Hollow Man (2000)

Directed by Paul Verhoeven

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A silly, campy movie quickly becomes a much more disturbing one in Hollow Man as a pervert turns invisible.  That pervert is Sebastian Caine (Kevin Bacon), an intelligent scientist working on a serum that can turn someone invisible and an accompanying serum that can bring you back.

In his rush to prove his project works, and his ego to make it all his own, Caine forgoes any further testing on their lab rats and injects himself with the mixture.  After an excruciatingly painful-looking transformation, Sebastian is unable to return from being invisible, and the longer he’s transparent the more he begins to lose his mind, turning him into a monster which, the film strongly suggests, he already had lurking within him this entire time.

Turning invisible is a case of wish fulfillment, like flying or time travel, that this movie briefly plays around with.  What would you do if you could turn yourself invisible?  Greg Gunberg plays one of the more everyman-esque lab technicians in the film, and he briefly daydreams to Caine about his own devious desires.

For Caine and the movie, there are no “fun & games” to this story.  Once invisible and once he escapes into the real world, Caine jumps to a frighteningly dark place, sexually assaulting his neighbor whom he laid eyes on in the opening minutes of the film.  In this sequence the camera acts as his point of view, and with each movement around the apartment and framing of his neighbor, the idea of the camera as ‘male gaze’ becomes frighteningly literal.

There has been a lot made of the way movies sexualize and objectify women.  It happens, you know, a lot, and though many movies don’t seem to question why women are framed this way (whether made to dress a certain way, filmed from a certain angle or asked to do something a man wouldn’t have to do), Hollow Man calls direct attention to the way it films its female subjects.

That’s because of the way the camera takes on Caine’s point of view.  He’s not just an anti-hero, but something worse.  It’s not long into the movie before his actions begin to distance himself from us, and only then do we get that sequence in which we are forced to see the world (and his victim) through his eyes.  For the rest of the film it is impossible not to consider this kind of subjective, objectifying perspective even when it’s clear we’re not looking through Caine’s eyes.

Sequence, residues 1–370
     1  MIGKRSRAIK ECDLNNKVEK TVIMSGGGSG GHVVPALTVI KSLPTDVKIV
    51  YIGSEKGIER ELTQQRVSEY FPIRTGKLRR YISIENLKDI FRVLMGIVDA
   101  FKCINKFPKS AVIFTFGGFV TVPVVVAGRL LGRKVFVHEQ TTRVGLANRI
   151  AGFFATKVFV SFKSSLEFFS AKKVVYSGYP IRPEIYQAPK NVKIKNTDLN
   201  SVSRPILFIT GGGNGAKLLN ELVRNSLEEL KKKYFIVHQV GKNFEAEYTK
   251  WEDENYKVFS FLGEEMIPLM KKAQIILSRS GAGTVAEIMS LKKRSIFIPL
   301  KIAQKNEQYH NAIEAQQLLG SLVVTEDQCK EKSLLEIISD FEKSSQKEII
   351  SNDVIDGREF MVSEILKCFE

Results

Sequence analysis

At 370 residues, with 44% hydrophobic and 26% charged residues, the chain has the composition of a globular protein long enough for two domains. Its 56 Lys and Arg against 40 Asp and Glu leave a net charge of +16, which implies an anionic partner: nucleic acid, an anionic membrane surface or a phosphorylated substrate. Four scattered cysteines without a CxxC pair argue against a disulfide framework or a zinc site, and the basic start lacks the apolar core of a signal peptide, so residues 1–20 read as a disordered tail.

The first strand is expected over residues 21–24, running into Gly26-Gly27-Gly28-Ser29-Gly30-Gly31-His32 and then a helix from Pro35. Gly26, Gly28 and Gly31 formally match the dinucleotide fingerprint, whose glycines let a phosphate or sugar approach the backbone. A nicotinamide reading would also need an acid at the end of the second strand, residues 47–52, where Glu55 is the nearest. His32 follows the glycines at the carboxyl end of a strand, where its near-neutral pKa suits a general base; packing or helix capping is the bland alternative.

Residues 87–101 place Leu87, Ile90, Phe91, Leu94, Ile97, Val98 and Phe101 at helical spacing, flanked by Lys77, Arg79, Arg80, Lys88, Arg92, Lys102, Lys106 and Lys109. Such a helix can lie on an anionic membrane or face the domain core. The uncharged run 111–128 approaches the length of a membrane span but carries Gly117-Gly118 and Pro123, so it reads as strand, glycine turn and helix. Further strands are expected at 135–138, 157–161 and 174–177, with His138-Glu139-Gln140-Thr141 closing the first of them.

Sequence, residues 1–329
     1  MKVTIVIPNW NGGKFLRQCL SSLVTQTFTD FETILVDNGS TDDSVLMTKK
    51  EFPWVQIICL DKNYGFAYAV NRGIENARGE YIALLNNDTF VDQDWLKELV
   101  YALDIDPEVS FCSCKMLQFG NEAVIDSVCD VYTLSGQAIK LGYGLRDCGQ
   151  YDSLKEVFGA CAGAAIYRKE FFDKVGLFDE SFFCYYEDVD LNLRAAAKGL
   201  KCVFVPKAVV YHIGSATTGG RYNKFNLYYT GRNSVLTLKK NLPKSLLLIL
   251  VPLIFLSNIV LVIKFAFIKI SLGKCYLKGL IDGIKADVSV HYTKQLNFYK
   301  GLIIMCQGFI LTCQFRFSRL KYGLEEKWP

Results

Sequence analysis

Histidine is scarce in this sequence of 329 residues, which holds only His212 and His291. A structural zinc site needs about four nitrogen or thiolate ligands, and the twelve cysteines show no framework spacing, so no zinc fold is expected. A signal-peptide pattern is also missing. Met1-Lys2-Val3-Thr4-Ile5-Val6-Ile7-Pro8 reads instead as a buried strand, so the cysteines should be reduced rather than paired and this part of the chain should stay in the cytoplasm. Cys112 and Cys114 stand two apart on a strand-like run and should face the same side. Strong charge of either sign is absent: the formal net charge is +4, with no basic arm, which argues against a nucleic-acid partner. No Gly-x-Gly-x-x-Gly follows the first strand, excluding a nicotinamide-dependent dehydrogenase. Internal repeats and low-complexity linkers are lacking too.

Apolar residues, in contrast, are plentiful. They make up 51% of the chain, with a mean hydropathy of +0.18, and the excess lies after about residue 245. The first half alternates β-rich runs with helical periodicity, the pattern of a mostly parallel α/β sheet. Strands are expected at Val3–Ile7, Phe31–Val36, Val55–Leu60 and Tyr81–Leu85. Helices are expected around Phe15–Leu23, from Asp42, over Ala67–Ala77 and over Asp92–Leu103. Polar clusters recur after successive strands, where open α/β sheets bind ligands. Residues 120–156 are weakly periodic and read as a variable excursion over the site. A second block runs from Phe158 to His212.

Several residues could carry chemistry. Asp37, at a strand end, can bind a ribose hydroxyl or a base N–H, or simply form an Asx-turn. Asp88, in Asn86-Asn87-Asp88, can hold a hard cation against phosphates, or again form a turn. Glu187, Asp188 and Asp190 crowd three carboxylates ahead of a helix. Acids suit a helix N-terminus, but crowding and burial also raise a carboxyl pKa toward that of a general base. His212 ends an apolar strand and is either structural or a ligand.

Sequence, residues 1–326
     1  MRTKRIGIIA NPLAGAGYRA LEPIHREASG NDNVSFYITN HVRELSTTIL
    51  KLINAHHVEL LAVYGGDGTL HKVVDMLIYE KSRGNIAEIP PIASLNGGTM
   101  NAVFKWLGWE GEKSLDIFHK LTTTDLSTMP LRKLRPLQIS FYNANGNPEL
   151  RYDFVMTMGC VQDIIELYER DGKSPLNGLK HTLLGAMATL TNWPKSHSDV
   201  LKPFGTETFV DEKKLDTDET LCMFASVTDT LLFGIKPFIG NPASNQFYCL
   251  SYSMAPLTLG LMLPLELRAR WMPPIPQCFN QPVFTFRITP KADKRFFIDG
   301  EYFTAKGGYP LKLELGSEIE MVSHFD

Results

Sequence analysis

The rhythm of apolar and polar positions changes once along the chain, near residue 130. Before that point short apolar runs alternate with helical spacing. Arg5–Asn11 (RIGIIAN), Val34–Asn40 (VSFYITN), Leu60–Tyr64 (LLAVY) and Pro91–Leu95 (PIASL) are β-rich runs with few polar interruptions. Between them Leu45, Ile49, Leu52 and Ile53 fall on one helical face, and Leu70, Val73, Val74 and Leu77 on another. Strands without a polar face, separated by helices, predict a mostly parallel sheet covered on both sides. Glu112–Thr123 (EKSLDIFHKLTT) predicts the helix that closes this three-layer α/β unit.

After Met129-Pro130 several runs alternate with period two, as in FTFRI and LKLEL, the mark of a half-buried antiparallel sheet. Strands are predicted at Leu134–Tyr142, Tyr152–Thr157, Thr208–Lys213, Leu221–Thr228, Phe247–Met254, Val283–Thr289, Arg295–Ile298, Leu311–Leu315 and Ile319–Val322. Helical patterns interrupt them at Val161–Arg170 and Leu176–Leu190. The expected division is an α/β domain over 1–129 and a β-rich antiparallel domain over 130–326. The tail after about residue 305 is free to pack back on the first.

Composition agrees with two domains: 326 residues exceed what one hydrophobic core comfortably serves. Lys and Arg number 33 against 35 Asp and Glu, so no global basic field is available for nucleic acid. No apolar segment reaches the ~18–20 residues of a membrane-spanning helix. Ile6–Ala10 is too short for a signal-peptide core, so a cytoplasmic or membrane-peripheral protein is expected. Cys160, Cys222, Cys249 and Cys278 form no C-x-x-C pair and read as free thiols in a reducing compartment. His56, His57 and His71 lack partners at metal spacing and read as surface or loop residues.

So, in this way Hollow Man puts a mirror to the audience and to filmmaking as a whole.  We see the way the female characters in this film are sexualized, and we know it comes with malicious intent because of the person leering at them.  It might make us then consider such framing in other movies and ask, if there’s no one doing the leering within the text for us, then maybe it’s the audience who’s the voyeur.

So Hollow Man is incredibly uncomfortable to watch.  It’s silly and a little exciting at first, because the technology and CGI is kind of cool (right?), but before you know it any semblance of possible fun is power washed away.

Like other Paul Verhoeven films, this one is cynical and lathered in subtext, but I don’t think this can sustain the movie like it did with his past works.  I’m not sure why that is, except that this movie isn’t fun to watch.  With RoboCop and Total Recall, at least the way I saw things, those movies were silly and fun and absurd.  They bring up horrifying subtextual meaning and implications about the broader world, but they never spend too much time with these detours.  It’s only when the movie is over that you realize how much there is to chew on.

Hollow Man calls attention directly to its own subtext.  There’s ego (Caine calls himself “God”), sexual deviance, masculinity to a fault and a man running wild with his perceived power at the cost of everyone around him, but all of this is right there on the surface.  It’s not that this movie should try to be fun, but it’s just so cynical and gross, and I really can’t tell if it’s a bad movie or a good movie about something that’s not fun to think about.

Taking a step back, what we learn, it seems, is that the most powerful character is the one who doesn’t care about anyone else but himself.  The others, despite their best intentions, are hacked through like butcher meat.  They are there only to be nice and then to be killed.  In the end our two eventual heroes (Elizabeth Shue, Josh Brolin) do win, but their victory feels more a symptom of Hollywood’s need for a happy ending than a result of anything Verhoeven might be trying to say.

Paul Verhoeven’s movies are very critical, it seems, of the people they depict.  You know early on that Sebastian Caine isn’t a very likable guy, his coworkers and employees are certainly weary of him, but for most of the movie he gets his way.  The people around him, even at their own expense, don’t push back against him when things start getting weird.  He wins because he is all powerful, and he only dies because this kind of story needs the bad guy to die.

Even the good guys, however, are made to seem imperfect.  The Shue and Brolin characters, beyond feeling more like attractive stand ins for scientists than actual scientists, are complicit in a certain level of deception which enables Caine’s power lust.  They quickly feel remorse, of course, but they are made to feel some kernel of the same ego which drives Caine.

In fact, any movie that has people on the verge of some god-defying human-altering discovery makes it clear that their ego is a problem.  Anyone who would seek to play God, no matter how good their intentions, is falling victim to the wrong kind of ambition.  You see it, for example, in The Fly.

Up Next: Thunder Road (2018), The Meg (2018), Upgrade (2018)

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